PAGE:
Load balancing/failover/wireless firewall project.

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Load balancing/failover/wireless firewall project.

Postby mindcandy on Wed Jul 02, 2008 7:11 pm

Hi folks,

I must confess I'm looking for some thoughts and suggestions here, hope you can help?

I work as a self employed PC repair bod in Norwich UK. Norwich is fairly well known in the UK for offering a number of free wireless access points that can be used within the city limits, providing you abide by the relevant T&C's. A few of my customers are charity organisations which make use of these wireless hotspots for email and the like, but find the bandwidth available is generally low and the connections are subject to timeouts and disconnects if not 'kept live' or if connected for over an hour continuously.

A few of these hotspots overlap and in at least one of my clients cases I can see over half a dozen 'free' wireless connections.

What I would like to do is create a load balancing firewall with failover capabilities that has multiple wireless network cards in order to connect to several of the available wireless hotspots at once. The hope is that my clients could make use of a higher, combined bandwidth and suffer fewer disconnects whilst keeping costs down (no ISP fees).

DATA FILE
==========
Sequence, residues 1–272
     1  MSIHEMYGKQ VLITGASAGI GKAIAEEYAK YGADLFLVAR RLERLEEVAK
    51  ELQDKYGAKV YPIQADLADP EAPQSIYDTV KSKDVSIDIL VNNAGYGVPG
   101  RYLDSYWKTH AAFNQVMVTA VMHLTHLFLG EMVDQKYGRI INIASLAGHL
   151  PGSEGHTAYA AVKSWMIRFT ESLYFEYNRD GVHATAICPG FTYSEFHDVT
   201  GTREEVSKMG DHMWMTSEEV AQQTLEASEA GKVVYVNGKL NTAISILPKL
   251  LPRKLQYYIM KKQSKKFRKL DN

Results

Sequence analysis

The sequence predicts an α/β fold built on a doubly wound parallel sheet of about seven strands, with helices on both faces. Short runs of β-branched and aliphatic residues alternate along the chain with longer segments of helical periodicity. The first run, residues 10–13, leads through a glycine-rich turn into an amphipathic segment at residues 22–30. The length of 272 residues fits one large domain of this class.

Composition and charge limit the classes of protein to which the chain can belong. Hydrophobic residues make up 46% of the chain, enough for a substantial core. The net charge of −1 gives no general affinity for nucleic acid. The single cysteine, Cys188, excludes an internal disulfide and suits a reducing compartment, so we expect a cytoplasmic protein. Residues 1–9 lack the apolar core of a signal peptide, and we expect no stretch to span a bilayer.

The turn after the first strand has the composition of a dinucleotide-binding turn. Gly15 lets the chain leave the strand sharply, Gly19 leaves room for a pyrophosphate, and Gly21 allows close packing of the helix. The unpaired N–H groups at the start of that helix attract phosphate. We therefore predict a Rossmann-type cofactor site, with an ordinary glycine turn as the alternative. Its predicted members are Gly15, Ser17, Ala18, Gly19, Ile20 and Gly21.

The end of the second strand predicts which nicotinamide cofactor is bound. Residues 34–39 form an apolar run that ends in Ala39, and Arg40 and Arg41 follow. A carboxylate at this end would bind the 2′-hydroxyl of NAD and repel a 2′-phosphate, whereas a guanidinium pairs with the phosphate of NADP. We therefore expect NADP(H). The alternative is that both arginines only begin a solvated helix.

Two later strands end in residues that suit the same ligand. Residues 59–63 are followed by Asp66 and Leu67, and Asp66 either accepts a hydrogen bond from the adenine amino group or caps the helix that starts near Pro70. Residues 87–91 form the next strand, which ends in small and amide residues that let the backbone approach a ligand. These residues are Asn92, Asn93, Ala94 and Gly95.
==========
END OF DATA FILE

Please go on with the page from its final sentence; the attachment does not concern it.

My experience with Clarkconnect community edition suggests that wireless support with that distro is virtually non-existant at this point but I do like many of it's features and find it to be a very reliable firewall.

My experience with Linux Mint is virtually flawless (from a desktop and wireless nic point of view) but I have no idea how to configure it as a firewall.

I'm imagining a Linux with the wireless support of Linux Mint, the firewall reliability of ClarkConnect and the additional load balancing and failover features I mentioned earlier. VPN isn't really a requirement since these guys are largely volunteer staff and never work from home. DMZ would be nice though since one of the networked PC's is available for use by the public.

Any help or suggestions warmly appreciated! Just please realise that my clients are charities so budget is virtually non-existent and my experience with Linux is largely restricted to web based interfaces and Gnome/KDE GUI's (terminals scare me - I'm a 'stuck in my ways' windows geek and am finding learning Linux slow going!).

Hardware shouldn't be too much of an issue since I'm a licensed 'waste carrier' which basically means I'm allowed (by law) to visit landfills and recycling centres and remove I.T. equipment from my area. As a result I usually have a few PC's knocking about which could be anything up to 2.6Ghz.

Looking forwards to your comments and ideas!

.M.
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Re: Load balancing/failover/wireless firewall project.

Postby miket on Sat Jul 05, 2008 6:19 am

Hi !

I also run a computer support company in Suffolk and am a LinuxMint Partner ... It's nice to see another local
business using Linux Mint ... Clem will be happy :)

mindcandy wrote:Hi folks,
I work as a self employed PC repair bod in Norwich UK. Norwich is fairly well known in the UK for offering a number of free wireless access points that can be used within the city limits, providing you abide by the relevant T&C's. A few of my customers are charity organisations which make use of these wireless hotspots for email and the like, but find the bandwidth available is generally low and the connections are subject to timeouts and disconnects if not 'kept live' or if connected for over an hour continuously.